After transferring to UNC from Pitt following Jamie Dixon's ouster, Cameron Johnson was expected to make an immediate impact in Chapel Hill last season as a graduate transfer -- and he did.
The 6-foot-9 forward averaged 12.4 points and 4.7 rebounds per game and imprinted his mark on Roy Williams' veteran-laden squad that went on to win 26 games. Yet injuries that required surgery -- first on his knee, then on his hip -- hampered a potential star turn in his first season with the program. After recovering from the surgeries, however, Johnson is now turning that corner as UNC's No. 1 scorer and second-leading rebounder, and has emerged as an unsuspecting All-America candidate.
"I had the knee surgery early last year that kind of derailed the nonconference portion of the season for me, and then following the season I had surgery on my hip,"in an appearance on 'Reiter's Block' on Monday. "That had been an issue that had been bothering me for a long time, so to get that corrected is very relieving. To be able to go out on the court and have hips that feel better, be able to move a little better, and be able to show I didn't lose much -- I gained -- that's a big emphasis for me this year."
Johnson is averaging a career-high 16.4 points per game this season for the Tar Heels, emerging as their No. 1 offensive option despite preseason All-America buzz for his teammate, Luke Maye, and more buzz about the impact of potential future lottery pick Nassir Little. He said he's finally feeling good and still thinks he has room to grow as he readies for conference play in his final college season.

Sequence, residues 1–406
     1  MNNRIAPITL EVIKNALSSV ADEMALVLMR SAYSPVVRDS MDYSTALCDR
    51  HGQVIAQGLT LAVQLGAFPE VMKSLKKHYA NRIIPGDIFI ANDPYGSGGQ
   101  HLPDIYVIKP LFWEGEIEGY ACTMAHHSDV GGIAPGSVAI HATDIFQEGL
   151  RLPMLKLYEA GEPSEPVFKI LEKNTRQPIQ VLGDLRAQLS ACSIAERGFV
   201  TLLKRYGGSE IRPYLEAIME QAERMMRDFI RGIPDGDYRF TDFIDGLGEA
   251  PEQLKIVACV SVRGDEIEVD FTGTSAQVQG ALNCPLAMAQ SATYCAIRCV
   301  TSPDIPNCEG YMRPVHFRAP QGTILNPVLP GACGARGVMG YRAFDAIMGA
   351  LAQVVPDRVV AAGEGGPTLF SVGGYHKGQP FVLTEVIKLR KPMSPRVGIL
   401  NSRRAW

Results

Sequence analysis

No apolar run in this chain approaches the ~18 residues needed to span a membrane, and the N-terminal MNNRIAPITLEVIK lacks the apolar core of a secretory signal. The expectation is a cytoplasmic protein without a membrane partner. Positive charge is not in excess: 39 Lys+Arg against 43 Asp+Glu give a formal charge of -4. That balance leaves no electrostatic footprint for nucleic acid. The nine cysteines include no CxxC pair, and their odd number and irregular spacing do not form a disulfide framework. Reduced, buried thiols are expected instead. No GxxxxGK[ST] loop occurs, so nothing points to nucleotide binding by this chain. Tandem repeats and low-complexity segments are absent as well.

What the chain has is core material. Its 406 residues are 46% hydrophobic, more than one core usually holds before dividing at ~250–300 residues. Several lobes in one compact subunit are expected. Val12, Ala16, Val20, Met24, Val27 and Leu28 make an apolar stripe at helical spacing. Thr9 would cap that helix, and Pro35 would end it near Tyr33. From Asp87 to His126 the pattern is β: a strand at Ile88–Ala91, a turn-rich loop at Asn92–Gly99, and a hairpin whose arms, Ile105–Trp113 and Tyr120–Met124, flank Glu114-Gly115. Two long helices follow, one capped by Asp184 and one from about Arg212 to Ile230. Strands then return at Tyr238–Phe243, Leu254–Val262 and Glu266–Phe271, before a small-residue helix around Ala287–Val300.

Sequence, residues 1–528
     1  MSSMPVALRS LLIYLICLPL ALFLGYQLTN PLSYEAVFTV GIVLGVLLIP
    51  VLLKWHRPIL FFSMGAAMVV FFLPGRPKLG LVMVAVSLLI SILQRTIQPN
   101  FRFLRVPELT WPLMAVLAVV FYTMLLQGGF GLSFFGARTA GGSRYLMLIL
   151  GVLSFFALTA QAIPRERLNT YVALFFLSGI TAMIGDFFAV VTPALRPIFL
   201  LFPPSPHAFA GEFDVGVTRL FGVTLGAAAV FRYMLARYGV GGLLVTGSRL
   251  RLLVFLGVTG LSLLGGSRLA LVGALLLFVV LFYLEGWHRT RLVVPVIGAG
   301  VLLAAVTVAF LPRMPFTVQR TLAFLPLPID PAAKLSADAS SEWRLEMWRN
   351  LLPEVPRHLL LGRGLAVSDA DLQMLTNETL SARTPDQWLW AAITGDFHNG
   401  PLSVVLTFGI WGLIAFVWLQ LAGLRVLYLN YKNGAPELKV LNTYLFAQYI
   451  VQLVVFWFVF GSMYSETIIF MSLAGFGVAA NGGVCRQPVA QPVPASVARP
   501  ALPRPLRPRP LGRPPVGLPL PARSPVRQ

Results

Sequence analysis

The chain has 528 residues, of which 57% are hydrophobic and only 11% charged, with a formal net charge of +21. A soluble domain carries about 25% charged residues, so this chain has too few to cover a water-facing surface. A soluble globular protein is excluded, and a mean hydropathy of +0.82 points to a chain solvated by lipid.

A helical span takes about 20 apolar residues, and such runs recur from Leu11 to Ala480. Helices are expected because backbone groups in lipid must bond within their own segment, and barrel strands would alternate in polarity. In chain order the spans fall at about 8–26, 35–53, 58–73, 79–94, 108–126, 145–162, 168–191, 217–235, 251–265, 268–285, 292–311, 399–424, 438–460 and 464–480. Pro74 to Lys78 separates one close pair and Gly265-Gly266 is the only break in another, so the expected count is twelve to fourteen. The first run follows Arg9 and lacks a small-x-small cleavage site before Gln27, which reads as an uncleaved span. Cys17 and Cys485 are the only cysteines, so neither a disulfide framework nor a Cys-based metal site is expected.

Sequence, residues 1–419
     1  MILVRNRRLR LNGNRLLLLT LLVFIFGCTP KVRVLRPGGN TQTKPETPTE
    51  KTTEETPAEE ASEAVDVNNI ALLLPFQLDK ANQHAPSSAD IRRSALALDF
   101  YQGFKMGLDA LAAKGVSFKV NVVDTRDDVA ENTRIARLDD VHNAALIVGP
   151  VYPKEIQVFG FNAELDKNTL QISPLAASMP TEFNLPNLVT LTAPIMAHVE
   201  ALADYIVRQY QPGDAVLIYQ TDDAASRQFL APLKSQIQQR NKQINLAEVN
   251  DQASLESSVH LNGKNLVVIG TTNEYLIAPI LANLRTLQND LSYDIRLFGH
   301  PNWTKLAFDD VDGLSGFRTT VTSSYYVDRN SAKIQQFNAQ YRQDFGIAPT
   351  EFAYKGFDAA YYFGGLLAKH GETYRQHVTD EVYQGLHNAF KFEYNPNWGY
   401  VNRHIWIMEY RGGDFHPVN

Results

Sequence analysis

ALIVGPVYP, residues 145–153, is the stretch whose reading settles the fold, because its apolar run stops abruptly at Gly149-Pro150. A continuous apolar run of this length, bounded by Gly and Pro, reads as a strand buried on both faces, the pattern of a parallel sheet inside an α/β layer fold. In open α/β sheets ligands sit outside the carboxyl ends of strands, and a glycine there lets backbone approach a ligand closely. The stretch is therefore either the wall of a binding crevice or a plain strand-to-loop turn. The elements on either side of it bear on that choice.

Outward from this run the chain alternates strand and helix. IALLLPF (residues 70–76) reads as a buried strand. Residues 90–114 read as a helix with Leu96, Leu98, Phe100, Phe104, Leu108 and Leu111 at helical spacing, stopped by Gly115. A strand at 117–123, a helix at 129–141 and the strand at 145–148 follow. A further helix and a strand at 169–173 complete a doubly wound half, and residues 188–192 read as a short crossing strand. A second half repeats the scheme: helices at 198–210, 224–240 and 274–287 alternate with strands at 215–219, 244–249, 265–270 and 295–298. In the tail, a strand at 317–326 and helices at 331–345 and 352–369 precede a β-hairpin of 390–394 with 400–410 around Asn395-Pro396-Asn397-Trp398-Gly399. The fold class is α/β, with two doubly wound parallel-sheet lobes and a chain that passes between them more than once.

"I feel great," he said. "This is probably the best I've ever felt just in terms of my hips. I think I have room to get better, I think I can keep getting stronger ... I'm pretty excited about it."
Johnson and the Tar Heels are 6-1 and ranked No. 11 in the latest AP poll, and again are a dark horse candidate -- behind Duke and Virginia -- to challenge for the ACC regular-season crown. Behind Johnson's unexpected breakout year, perhaps it's fair to consider dropping the dark horse label altogether. These Tar Heels, and this senior, are the real deal.
"I think we have a pretty high ceiling," Johnson said.